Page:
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Radiation therapy, also known as radiotherapy, is one of the most common treatment options for cancer patients. It works by directing high doses of radiation to the site of the cancer to stop the cells from multiplying and spreading, with the eventual goal of killing them entirely to remove cancer from the body. However, like all advanced treatment options, it is not without risks. One of the types of cancer that radiation therapy is commonly recommended for is prostate cancer.


There are several different uses of radiation therapy as a treatment for prostate cancer. Although it is most commonly employed as a curative treatment to rid the body of cancer, sometimes complete removal is not an option. In that case, radiation therapy can be administered as a palliative treatment to help control the spread of the cancer and ease symptoms.

The type of treatment a prostate cancer patient receives depends on the degree and severity of the cancer. In external beam radiation (EBRT), high doses of x-ray beams are aimed out of a machine onto the prostate. Treatments can extend for several weeks, because the dose of radiation required to kill the cancer cells must be spread out over multiple sessions to ensure minimal damage to healthy cells and decrease the risk of side effects.

A second form of radiation therapy is internal radiation, also known as brachytherapy or IRT. This treatment involves a small surgical procedure in which a radioactive pellet is inserted internally on the prostate.

A third option is systematic radiation, which pumps a liquid concentration of radioactive substances into the patient either orally or through an IV. The radioactive substances then travel through the body to the cancer site.

Radiotherapy is often a highly effective cancer treatment, especially when combined with other treatments such as chemotherapy. Chemotherapy can make cancer cells more receptive to radiation, resulting in a better outcome. Research from the Radiation Oncology Targeting Center found that, overall, radiation therapy is 95% effective at treating prostate cancer. The cure rate for men with intermediate-risk prostate cancer treated with external-beam radiation therapy was 95.5% and 91.3% for men with high-risk prostate cancer.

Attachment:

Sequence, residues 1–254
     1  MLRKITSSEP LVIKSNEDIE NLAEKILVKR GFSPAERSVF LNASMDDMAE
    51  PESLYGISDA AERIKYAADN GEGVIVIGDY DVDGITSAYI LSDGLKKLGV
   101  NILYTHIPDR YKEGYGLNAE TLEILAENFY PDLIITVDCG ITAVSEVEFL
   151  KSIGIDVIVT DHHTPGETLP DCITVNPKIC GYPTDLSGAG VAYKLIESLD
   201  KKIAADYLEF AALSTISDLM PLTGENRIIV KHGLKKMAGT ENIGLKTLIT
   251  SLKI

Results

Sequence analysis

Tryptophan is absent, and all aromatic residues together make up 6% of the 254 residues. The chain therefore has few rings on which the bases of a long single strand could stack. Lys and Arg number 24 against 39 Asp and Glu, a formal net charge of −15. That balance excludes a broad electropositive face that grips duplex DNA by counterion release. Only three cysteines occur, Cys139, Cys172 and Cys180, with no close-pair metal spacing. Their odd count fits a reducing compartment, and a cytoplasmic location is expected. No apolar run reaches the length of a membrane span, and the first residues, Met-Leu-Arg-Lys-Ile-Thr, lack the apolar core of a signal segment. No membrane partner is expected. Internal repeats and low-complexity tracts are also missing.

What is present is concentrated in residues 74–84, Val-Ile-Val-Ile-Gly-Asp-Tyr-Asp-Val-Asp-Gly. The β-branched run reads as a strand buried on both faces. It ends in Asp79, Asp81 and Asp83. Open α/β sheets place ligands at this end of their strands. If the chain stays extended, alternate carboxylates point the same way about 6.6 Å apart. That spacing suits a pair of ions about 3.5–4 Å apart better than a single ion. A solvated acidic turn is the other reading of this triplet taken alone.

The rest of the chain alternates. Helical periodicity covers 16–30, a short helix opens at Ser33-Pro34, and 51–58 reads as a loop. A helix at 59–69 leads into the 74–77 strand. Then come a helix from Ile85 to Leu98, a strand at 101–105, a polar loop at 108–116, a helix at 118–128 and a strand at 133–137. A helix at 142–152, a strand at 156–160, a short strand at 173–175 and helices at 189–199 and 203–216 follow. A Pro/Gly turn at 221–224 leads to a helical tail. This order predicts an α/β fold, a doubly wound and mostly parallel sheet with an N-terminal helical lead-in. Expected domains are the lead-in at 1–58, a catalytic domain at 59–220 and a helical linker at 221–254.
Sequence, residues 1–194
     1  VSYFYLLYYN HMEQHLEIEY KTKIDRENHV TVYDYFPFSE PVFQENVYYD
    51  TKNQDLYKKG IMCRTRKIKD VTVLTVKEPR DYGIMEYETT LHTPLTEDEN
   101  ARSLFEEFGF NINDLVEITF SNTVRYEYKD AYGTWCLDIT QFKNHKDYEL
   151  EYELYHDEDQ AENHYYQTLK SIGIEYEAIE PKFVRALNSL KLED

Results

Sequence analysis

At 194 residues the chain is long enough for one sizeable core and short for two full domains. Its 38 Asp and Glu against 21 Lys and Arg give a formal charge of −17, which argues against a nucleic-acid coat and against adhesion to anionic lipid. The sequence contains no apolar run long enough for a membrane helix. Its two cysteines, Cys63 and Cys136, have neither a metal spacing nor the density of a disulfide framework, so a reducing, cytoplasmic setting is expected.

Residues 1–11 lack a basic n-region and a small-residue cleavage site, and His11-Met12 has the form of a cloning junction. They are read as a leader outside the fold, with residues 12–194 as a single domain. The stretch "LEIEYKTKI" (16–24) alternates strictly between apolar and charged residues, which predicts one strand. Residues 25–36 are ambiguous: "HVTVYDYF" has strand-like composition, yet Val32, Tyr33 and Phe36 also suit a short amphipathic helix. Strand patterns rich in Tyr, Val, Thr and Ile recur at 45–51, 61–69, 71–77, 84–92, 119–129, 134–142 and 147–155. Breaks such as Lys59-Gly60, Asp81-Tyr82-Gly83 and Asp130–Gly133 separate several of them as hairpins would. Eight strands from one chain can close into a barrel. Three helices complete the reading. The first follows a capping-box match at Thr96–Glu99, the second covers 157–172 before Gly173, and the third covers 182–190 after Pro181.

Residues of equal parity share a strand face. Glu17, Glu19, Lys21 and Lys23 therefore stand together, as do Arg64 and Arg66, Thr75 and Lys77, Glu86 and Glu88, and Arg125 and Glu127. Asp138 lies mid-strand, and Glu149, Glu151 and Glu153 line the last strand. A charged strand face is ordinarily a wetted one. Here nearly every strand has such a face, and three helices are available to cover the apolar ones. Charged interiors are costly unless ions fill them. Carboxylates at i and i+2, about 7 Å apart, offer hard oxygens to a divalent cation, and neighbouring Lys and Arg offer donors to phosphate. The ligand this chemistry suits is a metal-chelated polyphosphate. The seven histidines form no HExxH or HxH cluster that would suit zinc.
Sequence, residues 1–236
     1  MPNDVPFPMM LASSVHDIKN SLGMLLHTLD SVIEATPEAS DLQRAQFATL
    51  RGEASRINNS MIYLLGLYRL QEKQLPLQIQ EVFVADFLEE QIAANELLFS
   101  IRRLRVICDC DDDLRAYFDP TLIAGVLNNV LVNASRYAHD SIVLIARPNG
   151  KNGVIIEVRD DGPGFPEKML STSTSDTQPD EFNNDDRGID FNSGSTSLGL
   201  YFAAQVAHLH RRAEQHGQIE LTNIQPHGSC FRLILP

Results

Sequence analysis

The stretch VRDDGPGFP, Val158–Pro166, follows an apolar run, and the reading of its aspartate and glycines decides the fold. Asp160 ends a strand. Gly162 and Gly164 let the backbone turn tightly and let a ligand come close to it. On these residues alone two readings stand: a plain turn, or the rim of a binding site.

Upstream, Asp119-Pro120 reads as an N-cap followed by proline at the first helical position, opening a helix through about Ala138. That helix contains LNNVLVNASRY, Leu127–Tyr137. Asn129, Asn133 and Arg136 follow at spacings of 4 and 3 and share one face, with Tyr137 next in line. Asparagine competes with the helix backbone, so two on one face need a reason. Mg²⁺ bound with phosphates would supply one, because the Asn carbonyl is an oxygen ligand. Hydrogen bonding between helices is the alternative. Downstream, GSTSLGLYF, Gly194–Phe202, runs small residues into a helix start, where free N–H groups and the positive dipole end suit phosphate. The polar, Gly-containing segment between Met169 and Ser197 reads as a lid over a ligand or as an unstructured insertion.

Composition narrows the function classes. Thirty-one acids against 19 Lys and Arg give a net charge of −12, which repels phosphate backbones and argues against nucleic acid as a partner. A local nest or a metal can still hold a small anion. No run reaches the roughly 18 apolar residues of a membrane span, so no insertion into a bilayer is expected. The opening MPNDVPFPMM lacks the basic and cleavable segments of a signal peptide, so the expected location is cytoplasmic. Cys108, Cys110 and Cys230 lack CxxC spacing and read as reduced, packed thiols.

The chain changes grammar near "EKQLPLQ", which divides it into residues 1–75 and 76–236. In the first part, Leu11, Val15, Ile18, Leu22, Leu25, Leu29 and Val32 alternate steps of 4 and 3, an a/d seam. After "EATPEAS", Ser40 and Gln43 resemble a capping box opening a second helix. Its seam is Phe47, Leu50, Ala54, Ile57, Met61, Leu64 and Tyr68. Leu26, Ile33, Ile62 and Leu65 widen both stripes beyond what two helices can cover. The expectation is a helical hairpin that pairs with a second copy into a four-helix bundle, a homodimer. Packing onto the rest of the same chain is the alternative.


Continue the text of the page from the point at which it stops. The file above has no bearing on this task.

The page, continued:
Although radiation therapy is a highly effective form of treatment, the risks associated with it are well-known and should definitely be a point of discussion any prostate cancer patient should bring up with their doctor before settling on a treatment. Side effects include damage to healthy cells, skin damage, and fatigue. As Dr. Michael Steinberg explains in his video for the Prostate Cancer Research Institute, many of the problems that used to be associated with external-beam radiation, such as rectal bleeding, impotence and bladder complications, pose much less of a risk than they used to. The risk of asymptomatic rectal bleeding runs between two and four percent, and symptomatic rectal bleeding is only half a percent. Bladder problems used to have a risk of about 15% 15-20 years ago, and have been reduced to less than one percent with new intensity-modulated radiotherapy (IMRT) techniques.  

As with any medical procedure, the risks of radiotherapy should be weighed with benefits. Your doctor should be able to clear up any questions or concerns you may have and determine your best course of action. Additionally, the medical team administering the therapy can clearly explain the risks and take measures to manage or avoid potential complications.